There is a growing list of men who are being exposed for having sexually abused women, men, and children … not only in the recent past but in years long ago. This ugly and painful aspect of the patriarchy has been known, yet kept secret, for far too long.  For too long there have been:  the one who perpetrated the sexual abuse, the one who was victimized by him, and those who colluded with the perpetrator – each for his or her own reasons. We recently got a very public glimpse into this dynamic when the accusations against Harvey Weinstein in the U.S. (and abroad) started coming out into the open in the public realm. An even more public view of the perpetrator-victim-colluder dynamic is being seen as Roy Moore, candidate for Senate from Alabama and former Chief Justice of the Alabama Supreme Court, denies his sexual abuse of young women and even worse … of children. Those in collusion with him, support his denials with all sorts of guises – from his “godliness,” to the guise of his “innocence,” to claims of dirty politics by the other side, to the insistence on voting for him even if he did these things … just to keep the other side from winning.

This plague of sexual abuse – isn’t only limited to male abusers. It also includes women.  But still it is part of the patriarchy – which includes men and women. And the women who stand by their abuser husbands are definitely part of the patriarchy.  Just like the women who stood by Clarence Thomas were part of the patriarchy, when Anita Hill was exposing to the world his sexual abuse.

The sexual abuse aspect of the patriarchy – and the destructive patriarchy itself – must end. How? Through healing to the root. When? Now.


When the sexual abuse is over…
The end has only just begun.
The end of sexual abuse in the church.
The end of sexual abuse on the couch – in the therapy room.
The end of sexual abuse in entertainment, by producer, director, agent, actor.
The end of sexual abuse in business – the board room, the CEO’s office, the supply room.
The end of sexual abuse in the doctor’s office, the hospital, the ambulance.
The end of sexual abuse in sports, by coaches.
The end of sexual abuse by national and world leaders, by government officials, and
candidates running for office.
These brave women and even men … they’re exposing the abusers, one by one by one.
The numbers grow and flood the news.
The exposure gives hope to millions of women and also to men.
Hope for the end of sexual abuse.

But alas, that will not come
until …
the exposure of sexual abuse in families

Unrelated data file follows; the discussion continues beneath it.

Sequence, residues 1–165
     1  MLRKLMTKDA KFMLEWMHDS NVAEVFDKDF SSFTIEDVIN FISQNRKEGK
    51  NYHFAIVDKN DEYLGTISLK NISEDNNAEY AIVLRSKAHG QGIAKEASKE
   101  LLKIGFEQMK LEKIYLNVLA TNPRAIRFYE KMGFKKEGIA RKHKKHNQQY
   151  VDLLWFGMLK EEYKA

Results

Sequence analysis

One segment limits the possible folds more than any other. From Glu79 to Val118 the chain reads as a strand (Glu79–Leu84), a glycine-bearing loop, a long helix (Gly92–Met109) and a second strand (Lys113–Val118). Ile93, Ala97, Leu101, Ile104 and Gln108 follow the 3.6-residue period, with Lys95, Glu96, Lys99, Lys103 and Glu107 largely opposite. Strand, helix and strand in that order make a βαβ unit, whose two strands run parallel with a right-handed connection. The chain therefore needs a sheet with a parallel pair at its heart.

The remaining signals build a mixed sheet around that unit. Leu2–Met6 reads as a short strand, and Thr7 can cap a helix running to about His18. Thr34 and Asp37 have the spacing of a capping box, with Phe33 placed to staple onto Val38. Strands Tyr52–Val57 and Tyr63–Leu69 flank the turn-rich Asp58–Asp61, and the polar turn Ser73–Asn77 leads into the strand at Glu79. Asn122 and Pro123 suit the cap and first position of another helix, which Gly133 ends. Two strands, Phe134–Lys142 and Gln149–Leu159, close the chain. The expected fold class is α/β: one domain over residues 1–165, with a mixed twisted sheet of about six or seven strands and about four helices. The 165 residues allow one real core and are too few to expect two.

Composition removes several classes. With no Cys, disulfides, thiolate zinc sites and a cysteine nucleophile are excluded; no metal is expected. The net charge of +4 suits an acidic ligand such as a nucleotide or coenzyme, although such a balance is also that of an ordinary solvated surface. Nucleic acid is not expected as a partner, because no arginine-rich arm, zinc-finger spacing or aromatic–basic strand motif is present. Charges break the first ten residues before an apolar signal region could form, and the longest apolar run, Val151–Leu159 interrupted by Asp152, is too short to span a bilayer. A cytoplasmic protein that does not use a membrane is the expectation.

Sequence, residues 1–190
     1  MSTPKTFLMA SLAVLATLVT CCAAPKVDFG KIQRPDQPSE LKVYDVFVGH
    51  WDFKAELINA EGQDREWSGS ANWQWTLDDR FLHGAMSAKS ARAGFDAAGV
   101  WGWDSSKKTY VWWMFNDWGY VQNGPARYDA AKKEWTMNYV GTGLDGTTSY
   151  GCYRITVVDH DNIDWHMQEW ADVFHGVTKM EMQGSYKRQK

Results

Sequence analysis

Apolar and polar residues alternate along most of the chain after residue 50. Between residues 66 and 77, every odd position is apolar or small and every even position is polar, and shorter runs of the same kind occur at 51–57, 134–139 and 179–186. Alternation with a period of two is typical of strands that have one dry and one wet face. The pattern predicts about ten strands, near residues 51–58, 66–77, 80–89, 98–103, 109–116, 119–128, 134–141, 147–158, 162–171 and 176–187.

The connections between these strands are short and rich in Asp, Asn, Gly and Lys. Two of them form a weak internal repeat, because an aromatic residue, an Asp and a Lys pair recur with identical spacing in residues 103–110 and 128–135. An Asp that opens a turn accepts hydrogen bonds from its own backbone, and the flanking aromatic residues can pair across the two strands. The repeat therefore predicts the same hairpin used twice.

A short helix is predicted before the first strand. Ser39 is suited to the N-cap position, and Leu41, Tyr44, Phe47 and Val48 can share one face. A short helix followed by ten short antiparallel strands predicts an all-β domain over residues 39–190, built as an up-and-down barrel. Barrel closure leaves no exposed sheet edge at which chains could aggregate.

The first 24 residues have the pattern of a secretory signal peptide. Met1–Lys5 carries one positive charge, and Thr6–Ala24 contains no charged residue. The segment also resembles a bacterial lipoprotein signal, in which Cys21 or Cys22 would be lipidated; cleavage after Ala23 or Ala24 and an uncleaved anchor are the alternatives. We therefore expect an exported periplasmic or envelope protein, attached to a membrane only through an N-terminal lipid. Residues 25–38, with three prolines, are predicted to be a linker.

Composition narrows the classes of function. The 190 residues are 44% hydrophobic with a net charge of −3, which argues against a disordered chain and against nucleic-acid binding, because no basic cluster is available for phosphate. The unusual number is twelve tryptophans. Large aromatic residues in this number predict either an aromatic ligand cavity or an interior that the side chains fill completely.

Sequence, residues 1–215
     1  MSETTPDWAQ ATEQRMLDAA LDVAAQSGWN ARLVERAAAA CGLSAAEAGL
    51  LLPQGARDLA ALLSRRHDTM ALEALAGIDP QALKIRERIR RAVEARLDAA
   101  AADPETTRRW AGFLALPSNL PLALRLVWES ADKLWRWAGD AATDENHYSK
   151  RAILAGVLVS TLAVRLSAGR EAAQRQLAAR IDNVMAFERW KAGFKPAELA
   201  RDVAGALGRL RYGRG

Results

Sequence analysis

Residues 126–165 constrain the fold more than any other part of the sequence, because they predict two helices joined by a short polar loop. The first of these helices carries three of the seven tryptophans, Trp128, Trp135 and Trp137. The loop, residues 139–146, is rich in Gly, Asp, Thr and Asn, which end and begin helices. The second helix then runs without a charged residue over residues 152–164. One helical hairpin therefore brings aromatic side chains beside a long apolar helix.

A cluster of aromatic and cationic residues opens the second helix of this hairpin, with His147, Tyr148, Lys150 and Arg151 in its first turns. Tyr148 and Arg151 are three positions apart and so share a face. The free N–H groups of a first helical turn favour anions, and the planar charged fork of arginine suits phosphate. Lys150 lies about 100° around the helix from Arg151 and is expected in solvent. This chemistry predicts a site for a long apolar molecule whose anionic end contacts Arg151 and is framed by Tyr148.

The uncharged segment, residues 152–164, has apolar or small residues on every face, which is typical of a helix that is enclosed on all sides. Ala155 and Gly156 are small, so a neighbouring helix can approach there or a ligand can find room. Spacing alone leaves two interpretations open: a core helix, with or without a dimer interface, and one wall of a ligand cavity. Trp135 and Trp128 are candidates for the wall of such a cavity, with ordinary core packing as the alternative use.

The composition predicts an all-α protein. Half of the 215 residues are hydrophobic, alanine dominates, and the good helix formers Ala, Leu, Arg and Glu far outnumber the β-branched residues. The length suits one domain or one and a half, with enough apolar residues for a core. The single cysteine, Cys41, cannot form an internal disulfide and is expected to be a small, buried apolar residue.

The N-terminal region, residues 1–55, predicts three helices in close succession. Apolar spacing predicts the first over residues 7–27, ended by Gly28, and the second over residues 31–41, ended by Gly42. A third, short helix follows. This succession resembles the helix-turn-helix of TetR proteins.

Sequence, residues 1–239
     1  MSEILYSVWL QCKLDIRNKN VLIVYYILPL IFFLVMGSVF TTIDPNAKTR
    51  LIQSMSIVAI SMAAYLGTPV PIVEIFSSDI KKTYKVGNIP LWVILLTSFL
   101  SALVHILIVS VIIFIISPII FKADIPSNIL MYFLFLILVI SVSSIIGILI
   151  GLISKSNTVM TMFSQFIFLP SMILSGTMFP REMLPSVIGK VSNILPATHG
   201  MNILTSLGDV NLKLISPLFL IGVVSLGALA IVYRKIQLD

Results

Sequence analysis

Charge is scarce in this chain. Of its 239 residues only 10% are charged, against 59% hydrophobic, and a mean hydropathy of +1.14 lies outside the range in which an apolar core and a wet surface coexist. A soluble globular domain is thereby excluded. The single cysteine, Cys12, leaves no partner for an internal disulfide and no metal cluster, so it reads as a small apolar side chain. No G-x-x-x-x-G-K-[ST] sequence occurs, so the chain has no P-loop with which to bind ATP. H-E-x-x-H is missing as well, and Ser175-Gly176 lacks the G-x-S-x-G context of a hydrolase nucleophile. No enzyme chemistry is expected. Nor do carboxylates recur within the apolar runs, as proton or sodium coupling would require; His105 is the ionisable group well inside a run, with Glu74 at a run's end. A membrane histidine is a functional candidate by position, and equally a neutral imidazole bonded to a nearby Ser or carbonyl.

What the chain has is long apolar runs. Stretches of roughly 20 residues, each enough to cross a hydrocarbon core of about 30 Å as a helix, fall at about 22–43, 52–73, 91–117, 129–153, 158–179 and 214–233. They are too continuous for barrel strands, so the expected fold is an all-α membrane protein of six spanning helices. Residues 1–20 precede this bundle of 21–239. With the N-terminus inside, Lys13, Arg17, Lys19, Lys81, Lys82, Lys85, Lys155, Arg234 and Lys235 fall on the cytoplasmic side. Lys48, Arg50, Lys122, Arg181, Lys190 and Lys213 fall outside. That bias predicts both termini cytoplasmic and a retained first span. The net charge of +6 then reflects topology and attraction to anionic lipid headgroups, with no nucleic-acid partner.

all across our nation,
all across our world,
has taken us closer to the roots of the painful experience …
closer to the source of the wound that causes the wound of sexual abuse.

Though committed by men and women alike,
sexual abuse is a scourge in our world.
In too many places, an accepted scourge,
a normalized scourge,
a way of life.
A wound that’s passed down,
generation to generation,
mostly by men.
Acted out upon women, and other men,
and innocent children.

Innocent children …
needing, trusting, loving freely,
hopeful, growing, expressing, being.
Innocent children
stopped in their tracks.
Frightened, frozen, running away,
frightened, angry, fighting against …
Stopped on the path to becoming their selves.

Innocent children …
Powerless in the face of the sexual abuse.
Powerless in the face of the grossly distorted sexuality.
Powerless in the face of the grossly distorted use of power over them.
By someone who …
once was an innocent child sexually abused himself.
Once was an innocent child powerless in the face of distorted sexuality.
Once was an innocent child powerless in the face of distorted use of power.
Once was an innocent child who so deeply wounded,
turned into someone else.

Those who have been sexually abused in their families,
alone in a patriarchal family culture,
are terrified of telling their experiences of being sexually abused.
They’re frightened of not being believed.
They’re frightened of being blamed and scape-goated.
They’re afraid of being humiliated, threatened, abused.
They’re terrified at the possibility of being cast out, abandoned.
If all those possible consequences of talking
are intolerable to an adult in the entertainment industry,
how can they be at all bearable to a child?

When the sexual abuse is over …
The end has only just begun.
The end won’t be completed until
we want to know.
But we don’t want to know.
Too few of us want to know.
Too few of us want to know the truth.
Too few of us are willing to go through the fear
and through the painful feelings
the truth will bring.
Too many of us want to defend ourselves against
the truth and all those feelings …
the consequences be damned.

And they are …
the consequences are damned by the willful defense
and denial of the painful truth.

So when you defend against the reality of sexual abuse –
somebody else’s or your own …
you fan the flames of sexual abuse at its roots.
And when you defend against the reality of sexual abuse –
the abuse you, yourself have committed …
you fan the flames of sexual abuse at its roots
in your family and in families all over our world.

But should you dare to end your denial …
you have begun to contribute to the end of this horrible wound.
And should you dare to dissolve your defenses against this painful wound …
you have begun to feed the end of this terrible wound.
You have begun to feed the end of the wound of sexual abuse
not only out in the world in public arenas,
but even more importantly …
right at its source …
right in the homes of families all over our world.

© Judith Barr, 2017








This occurs all over the world, not solely in the U.S.